Cyclist who flipped Trump the bird is back
EVEN if you don't recall the name Juli Briskman, you'll surely recall the image that made her an internet sensation.
The American woman wound up losing her job last year after a photo of her flipping Donald Trump the bird while on her bicycle quickly went viral.
Ms Briskman was cycling in Sterling, Virginia when the US President's motorcade whizzed by as he departed the Trump National Golf Course in October, 2017.
The 51-year-old marketing executive didn't hesitate in taking the opportunity to give him the middle-finger salute - a bold show of resistance that was captured by a White House photographer and subsequently got her sacked.
Almost 12 months on, Ms Briskman has announced she will parlay the defiant gesture into a run for local office. The Democrat and communications specialist plans to run in 2019 for the Loudoun County Board of Supervisors in northern Virginia, she told the Loudoun Times-Mirror.
"Those who know me, know that I am not one to sit idle," the mother of two wrote on her Crowdfunding campaign page. "Whether it's standing up for a cause, such as our First Amendment rights to peacefully protest the policies of the Trump administration, or working to ensure our children and teachers are given every opportunity to succeed, I do not back down when I see something is not right."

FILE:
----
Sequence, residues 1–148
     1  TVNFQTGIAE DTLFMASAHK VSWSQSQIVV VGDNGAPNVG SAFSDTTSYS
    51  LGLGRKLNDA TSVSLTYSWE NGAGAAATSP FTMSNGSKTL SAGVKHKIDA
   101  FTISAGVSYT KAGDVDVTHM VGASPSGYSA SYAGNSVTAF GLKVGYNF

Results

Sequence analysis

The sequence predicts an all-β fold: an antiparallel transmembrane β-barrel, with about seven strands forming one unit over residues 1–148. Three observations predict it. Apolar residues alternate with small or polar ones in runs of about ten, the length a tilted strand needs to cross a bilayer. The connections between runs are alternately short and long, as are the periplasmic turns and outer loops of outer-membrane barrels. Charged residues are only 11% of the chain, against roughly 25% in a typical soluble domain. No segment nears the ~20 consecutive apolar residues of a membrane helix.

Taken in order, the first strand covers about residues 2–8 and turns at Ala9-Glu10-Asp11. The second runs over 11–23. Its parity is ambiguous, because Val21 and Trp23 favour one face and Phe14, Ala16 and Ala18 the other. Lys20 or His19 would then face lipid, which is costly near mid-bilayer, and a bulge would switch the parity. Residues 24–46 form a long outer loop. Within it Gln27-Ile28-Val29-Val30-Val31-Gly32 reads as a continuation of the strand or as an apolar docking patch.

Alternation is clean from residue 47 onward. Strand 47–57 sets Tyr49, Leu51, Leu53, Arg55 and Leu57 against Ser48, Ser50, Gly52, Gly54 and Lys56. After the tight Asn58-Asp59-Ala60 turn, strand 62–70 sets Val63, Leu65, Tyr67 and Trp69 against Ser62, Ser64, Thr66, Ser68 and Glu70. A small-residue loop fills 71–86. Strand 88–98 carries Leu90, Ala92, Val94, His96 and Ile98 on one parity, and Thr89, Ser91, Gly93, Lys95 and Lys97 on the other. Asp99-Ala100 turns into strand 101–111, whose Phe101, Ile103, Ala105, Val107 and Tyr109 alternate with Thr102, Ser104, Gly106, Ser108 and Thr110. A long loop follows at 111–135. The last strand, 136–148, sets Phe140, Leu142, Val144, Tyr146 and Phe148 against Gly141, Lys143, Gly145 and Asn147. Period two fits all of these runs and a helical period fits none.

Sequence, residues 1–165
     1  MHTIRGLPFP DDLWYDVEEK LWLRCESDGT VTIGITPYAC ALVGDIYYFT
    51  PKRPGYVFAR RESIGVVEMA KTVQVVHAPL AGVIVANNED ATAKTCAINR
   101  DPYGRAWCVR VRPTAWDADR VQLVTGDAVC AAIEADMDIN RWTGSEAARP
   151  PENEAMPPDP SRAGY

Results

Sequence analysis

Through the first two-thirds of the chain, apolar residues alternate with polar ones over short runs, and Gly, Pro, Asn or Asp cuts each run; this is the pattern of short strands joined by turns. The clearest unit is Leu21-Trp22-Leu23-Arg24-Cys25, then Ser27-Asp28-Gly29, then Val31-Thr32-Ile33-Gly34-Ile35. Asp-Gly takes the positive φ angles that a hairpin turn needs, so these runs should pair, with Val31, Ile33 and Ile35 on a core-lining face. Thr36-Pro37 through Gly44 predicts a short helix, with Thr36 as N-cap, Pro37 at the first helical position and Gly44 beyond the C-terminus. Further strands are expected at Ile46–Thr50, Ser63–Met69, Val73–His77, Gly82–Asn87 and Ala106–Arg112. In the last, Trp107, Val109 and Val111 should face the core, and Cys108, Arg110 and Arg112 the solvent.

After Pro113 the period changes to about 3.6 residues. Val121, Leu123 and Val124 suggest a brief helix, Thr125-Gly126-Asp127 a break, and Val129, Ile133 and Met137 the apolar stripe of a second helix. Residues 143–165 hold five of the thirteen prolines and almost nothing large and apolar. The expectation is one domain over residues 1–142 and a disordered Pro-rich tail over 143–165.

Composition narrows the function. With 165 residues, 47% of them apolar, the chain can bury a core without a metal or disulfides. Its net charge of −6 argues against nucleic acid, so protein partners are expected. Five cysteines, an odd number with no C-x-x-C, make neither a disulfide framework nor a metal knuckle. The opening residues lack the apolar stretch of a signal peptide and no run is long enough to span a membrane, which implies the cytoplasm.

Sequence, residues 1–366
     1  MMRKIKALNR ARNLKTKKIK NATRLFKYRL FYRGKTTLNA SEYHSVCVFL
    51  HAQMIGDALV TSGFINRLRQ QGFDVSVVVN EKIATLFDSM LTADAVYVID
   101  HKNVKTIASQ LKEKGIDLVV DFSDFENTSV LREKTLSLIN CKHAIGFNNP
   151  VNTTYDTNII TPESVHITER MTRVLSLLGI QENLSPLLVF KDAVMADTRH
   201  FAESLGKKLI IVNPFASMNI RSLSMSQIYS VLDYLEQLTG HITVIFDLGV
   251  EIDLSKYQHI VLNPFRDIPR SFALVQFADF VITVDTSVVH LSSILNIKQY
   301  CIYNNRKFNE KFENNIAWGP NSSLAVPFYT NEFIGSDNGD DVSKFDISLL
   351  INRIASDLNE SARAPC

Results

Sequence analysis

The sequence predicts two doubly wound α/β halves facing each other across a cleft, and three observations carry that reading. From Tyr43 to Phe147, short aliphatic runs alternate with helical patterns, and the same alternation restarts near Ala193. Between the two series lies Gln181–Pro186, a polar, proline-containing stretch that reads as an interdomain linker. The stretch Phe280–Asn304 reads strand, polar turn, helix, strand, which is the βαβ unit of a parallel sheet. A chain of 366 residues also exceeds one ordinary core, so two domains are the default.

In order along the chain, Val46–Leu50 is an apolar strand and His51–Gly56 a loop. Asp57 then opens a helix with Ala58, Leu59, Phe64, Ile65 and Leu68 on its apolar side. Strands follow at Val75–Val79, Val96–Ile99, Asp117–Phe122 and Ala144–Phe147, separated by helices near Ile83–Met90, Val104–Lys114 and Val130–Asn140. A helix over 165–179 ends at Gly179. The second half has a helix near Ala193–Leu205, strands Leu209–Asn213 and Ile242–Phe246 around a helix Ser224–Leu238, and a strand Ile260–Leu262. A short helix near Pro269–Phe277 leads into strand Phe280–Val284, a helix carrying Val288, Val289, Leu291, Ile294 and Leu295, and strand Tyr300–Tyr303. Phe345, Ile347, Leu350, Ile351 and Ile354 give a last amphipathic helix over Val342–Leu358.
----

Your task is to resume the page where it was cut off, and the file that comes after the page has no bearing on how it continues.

Ms Briskman is hoping to unseat Suzanne M. Volpe, a Republican currently representing the Algonkian District.
I am running to serve as Supervisor for the Algonkian District where I have worked, volunteered, organized and raised my kids in public schools. I have launched my campaign on @Crowdpac because... if not now, when? Let's Do this! https://t.co/zeYn4QR1pR— juli_briskman (@julibriskman) 12 September 2018
The single mother and passionate community volunteer said she hadn't considered a bid for public office until her five minutes of fame last year. However, after losing her job at government contracting firm Akima LLC when she informed her bosses of the cycling incident, Ms Briskman filed a wrongful termination lawsuit against her employer.
The lawsuit was later dismissed, but she realised she had two options: to keep fighting an uphill battle, or to attempt to change the laws herself.
"We have a right to peacefully protest and criticise and express dissent toward our government," Ms Briskman The Washington Post.
"I've gotten some feedback that folks say you should respect the President.
"Even if you don't like what they're doing, you shouldn't show this sort of disdain. And I simply disagree, and I think the Constitution grants me that privilege."
Describing her extended middle finger as an exercise of First Amendment rights in a series of interviews last year, Ms Briskman said she'd "probably" do it again.
She even used the famous photo as her profile picture on Twitter and Facebook.